He had watched his mother and aunt in the kitchen and studied their tricks for roasting chicken and grilling pork chops with garlic powder and seasoned salt. By the time he was ten, he could cook for the whole family. When I ask what first drew him to the stove, he tells me about a time when he was a boy and his mother was sick: “I said, ‘I’ll go down and fix you something.’ She said, ‘That’s the best soup I ever ate.’ Maybe she was making me feel good. But she ate it all.”
But cracks in the family’s foundation turned into sinkholes.
Memories of Vietnam stalked his father, who lost himself to alcohol and began running an after-hours gambling hall out of a nearby house. “A gyp joint,” Merritt calls it. He says his father started giving him beer at age seven. “He woke up and got liquor before he went to work and came home with a bottle in his pocket.” (Charles Jackson died some 20 years ago, of cirrhosis.)
Hearing a bang in his parents’ bedroom one night, Merritt dashed upstairs to find a hole in the wall and a .38 revolver in his father’s hands. His dad was convinced Vietcong were on his tail. When his father turned his rage on his mother—bruising her face and bloodying her lip—Meguiel thrust himself between them, hoping to deflect his father’s anger onto himself.
When I ask Merritt’s mother why he quit school at 17, Eula Jackson says a boy who had moved in down the block pressured him to skip classes.
But when I tell Merritt what his mother said, he shakes his head. There were plenty of other reasons for his dropping out, he says, not least a desire to prove himself his own man.
In school, kids teased Meguiel about his size, calling him Pillsbury Doughboy. After he dropped out, no one messed with him: He had a .22 revolver and a homeboy who had his back. The pair often passed the school day in the park with a bottle of wine.
While driving around together one morning, I asked Merritt what became of that friend. He slowed his truck and pointed to a gas station at the corner of Florida Avenue and Third Street, Northwest: “He stands there and begs for change.”
• • •
For all his shortcomings, Merritt inherited from his parents a belief in the virtues of work. A month after quitting school, he got a job as a stock clerk at Woodies department store and then, at 18, as a dishwasher at a downtown DC restaurant. He met a woman who worked as a table busser there, a Jamaican immigrant ten years his senior. Soon a son, Meguiel Jackson, was born.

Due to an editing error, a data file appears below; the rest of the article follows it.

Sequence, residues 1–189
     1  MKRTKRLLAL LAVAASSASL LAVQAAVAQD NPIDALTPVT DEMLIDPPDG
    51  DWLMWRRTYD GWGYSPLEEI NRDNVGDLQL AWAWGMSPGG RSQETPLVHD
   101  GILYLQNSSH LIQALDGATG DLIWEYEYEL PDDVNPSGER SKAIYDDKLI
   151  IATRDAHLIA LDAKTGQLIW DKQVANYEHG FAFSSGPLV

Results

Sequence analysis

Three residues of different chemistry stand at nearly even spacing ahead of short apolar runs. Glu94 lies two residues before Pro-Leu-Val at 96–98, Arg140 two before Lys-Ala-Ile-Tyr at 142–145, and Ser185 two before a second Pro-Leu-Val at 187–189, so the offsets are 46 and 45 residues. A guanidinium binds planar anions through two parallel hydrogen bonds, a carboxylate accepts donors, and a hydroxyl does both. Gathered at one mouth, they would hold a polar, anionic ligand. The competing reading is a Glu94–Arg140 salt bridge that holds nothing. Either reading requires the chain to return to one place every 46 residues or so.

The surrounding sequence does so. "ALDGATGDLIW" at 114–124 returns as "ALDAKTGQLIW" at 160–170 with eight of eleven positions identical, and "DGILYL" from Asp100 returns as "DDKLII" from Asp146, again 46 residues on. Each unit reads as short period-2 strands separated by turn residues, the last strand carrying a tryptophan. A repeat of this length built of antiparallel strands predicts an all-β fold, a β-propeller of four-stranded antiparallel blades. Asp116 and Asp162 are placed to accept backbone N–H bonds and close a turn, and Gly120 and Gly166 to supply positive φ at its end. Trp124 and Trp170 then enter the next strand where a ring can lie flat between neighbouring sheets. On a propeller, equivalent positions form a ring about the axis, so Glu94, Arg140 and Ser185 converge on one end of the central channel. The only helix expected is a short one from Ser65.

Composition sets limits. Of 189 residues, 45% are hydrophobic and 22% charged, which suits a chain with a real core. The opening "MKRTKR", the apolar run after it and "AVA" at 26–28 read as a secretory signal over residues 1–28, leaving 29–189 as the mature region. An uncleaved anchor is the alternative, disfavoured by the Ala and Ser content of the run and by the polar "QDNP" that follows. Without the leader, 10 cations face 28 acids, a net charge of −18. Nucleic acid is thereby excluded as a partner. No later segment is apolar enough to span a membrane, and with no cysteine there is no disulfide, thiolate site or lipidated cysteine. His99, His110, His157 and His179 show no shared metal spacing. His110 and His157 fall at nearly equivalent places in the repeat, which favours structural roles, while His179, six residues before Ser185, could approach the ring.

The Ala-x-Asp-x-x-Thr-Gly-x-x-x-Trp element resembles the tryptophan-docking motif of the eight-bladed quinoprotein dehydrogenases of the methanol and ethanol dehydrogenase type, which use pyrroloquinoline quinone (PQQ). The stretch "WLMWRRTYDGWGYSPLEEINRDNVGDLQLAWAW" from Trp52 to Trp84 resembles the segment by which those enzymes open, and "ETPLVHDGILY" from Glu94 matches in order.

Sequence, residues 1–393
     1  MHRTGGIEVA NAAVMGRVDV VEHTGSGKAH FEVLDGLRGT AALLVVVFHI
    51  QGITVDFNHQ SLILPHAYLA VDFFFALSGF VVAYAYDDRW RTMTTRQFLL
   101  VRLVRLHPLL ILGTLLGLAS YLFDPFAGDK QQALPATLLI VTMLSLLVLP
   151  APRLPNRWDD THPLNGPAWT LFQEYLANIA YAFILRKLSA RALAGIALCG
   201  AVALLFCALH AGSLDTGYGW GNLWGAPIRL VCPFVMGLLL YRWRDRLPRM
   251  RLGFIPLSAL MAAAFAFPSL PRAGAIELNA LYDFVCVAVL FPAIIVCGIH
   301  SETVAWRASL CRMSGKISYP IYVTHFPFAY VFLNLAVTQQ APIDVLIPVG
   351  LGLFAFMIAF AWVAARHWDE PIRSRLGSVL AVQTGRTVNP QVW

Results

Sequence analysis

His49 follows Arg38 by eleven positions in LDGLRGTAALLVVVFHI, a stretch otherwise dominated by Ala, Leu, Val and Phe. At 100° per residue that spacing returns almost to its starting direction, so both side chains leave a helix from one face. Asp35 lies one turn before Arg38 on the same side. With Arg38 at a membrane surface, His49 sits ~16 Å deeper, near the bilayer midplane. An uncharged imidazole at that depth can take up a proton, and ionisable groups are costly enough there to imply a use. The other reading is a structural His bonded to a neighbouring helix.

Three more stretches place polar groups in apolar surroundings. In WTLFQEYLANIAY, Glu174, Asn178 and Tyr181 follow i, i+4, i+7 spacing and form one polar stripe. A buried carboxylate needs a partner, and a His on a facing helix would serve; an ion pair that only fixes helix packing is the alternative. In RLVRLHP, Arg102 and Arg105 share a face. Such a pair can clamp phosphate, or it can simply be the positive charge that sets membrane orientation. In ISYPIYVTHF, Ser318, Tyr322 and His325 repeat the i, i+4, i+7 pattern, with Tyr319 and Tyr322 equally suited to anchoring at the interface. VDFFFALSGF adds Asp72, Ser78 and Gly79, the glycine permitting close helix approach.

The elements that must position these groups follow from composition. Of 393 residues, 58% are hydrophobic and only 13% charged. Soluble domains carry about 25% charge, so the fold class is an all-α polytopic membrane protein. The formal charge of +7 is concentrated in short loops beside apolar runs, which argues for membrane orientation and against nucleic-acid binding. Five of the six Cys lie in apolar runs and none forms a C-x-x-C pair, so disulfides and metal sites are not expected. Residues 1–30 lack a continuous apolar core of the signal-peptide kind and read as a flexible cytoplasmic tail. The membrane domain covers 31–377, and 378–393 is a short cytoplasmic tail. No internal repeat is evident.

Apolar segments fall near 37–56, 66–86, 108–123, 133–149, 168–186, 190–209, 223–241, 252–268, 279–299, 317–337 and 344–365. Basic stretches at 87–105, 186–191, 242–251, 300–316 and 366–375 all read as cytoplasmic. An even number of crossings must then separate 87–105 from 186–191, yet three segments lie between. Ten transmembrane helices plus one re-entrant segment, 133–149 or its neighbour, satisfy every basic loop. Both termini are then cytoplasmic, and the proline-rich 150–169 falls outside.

He and the boy’s mom weren’t committed, though, and two years later, in 1982, he married a woman who made sandwiches at a downtown Wendy’s, where he was a cook. They were both 21, and she had a young daughter from a previous relationship. They moved in together. Merritt left his son’s upbringing to the boy’s mother.
When Merritt was 25, his mother, then an executive housekeeper at Howard, helped him get a second job, as a daytime janitor in the school’s dorms. He traded up restaurants, too, leaving fast food for an evening job at a Bob’s Big Boy in Aspen Hill. He worked his way up from dishwasher to first cook and made enough of an impression on his bosses that the company sent him to culinary school, from which he returned as the restaurant’s head chef.
The extra pay lifted his new family from a one-bedroom apartment in Columbia Heights to a two-bedroom in Aspen Hill. But the long hours took a toll. To let off steam, he and a waiter he’d befriended began drinking together on the job, from 10 pm until their midnight quitting time.
“I’d get off work at 12 o’clock, go home, and get up hung-over at 4 o’clock” for his janitorial job, he says. “I did that for five years.”
By the time he finally left the cooking job, it was too late to reverse the damage his alcoholism and financial insecurities were doing to the marriage. In his rush to outfit their new life with all the trappings of success—a new Toyota 4Runner, a leather living-room set—he and his wife had piled up $72,000 in credit-card debt. When I ask about the discolored scar tissue on his knuckles, he tells me it was from a night when he grew so frustrated that he drove his fist though a door, prompting his wife to call the police.
The couple split in 1991, and his life entered a tailspin. He filed for personal bankruptcy and moved into an apartment on South Capitol Street with a female housekeeper he worked with at Howard. They started smoking three to four $10 bags of crack on the weekends. It soon became a $150-a-day habit. The apartment “turned into a crack house,” he says. “People came to the door all hours of the night, just to get high and smoke.”
Yet even in the grips of addiction, he kept showing up for work. After lunch, when work slowed, he closed the door to the tiny janitorial office in the basement of Carver Hall, an all-male dorm, and got drunk. He kept a bottle of rum in the desk drawer and served himself in a 7-Eleven soda cup. He wore sunglasses indoors to hide his dilated eyes and chewed gum against the odors.
Some nights, when he was too strung out to get home, he slept on the floor of the janitors’ locker room, a violation of rules. Then one night he fathered another child, a girl, in a brief encounter with the wife of a friend’s friend—a woman he says came on to him after he’d downed too much Jack Daniel’s. He bailed on that daughter, just as he had his son. Though he sent money from time to time, both were raised by their mothers and grandparents.
I ask how his life spun so out of control. “After the divorce, I had to figure out: What am I going to do?” he says. “I was young, mad, angry. I was angry that I messed up my marriage, that I worked so hard for this woman—the money, the cars, the furniture I bought. And then I’m out here assless with nothing.”
If working hard and doing right had led to this, what was the point? he asked himself. Why not just take the fastest route to feeling good?